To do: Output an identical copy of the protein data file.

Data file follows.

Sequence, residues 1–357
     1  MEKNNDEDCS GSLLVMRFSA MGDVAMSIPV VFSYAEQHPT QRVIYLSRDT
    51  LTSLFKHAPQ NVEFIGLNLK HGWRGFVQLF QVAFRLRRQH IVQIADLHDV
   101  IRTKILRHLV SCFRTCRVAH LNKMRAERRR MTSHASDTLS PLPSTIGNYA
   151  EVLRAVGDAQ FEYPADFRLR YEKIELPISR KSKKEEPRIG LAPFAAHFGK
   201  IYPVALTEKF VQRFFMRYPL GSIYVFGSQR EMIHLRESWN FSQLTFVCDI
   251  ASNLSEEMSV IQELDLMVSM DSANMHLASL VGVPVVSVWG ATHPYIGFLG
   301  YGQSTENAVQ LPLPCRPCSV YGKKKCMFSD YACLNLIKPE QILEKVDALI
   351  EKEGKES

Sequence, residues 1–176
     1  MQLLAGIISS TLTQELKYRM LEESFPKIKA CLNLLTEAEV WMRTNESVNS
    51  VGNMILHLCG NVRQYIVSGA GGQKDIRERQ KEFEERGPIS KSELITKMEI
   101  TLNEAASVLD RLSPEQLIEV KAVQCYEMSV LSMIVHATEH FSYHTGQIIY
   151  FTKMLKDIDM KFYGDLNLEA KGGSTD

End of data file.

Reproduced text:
Sequence, residues 1–357
     1  MEKNNDEDCS GSLLVMRFSA MGDVAMSIPV VFSYAEQHPT QRVIYLSRDT
    51  LTSLFKHAPQ NVEFIGLNLK HGWRGFVQLF QVAFRLRRQH IVQIADLHDV
   101  IRTKILRHLV SCFRTCRVAH LNKMRAERRR MTSHASDTLS PLPSTIGNYA
   151  EVLRAVGDAQ FEYPADFRLR YEKIELPISR KSKKEEPRIG LAPFAAHFGK
   201  IYPVALTEKF VQRFFMRYPL GSIYVFGSQR EMIHLRESWN FSQLTFVCDI
   251  ASNLSEEMSV IQELDLMVSM DSANMHLASL VGVPVVSVWG ATHPYIGFLG
   301  YGQSTENAVQ LPLPCRPCSV YGKKKCMFSD YACLNLIKPE QILEKVDALI
   351  EKEGKES

Sequence, residues 1–176
     1  MQLLAGIISS TLTQELKYRM LEESFPKIKA CLNLLTEAEV WMRTNESVNS
    51  VGNMILHLCG NVRQYIVSGA GGQKDIRERQ KEFEERGPIS KSELITKMEI
   101  TLNEAASVLD RLSPEQLIEV KAVQCYEMSV LSMIVHATEH FSYHTGQIIY
   151  FTKMLKDIDM KFYGDLNLEA KGGSTD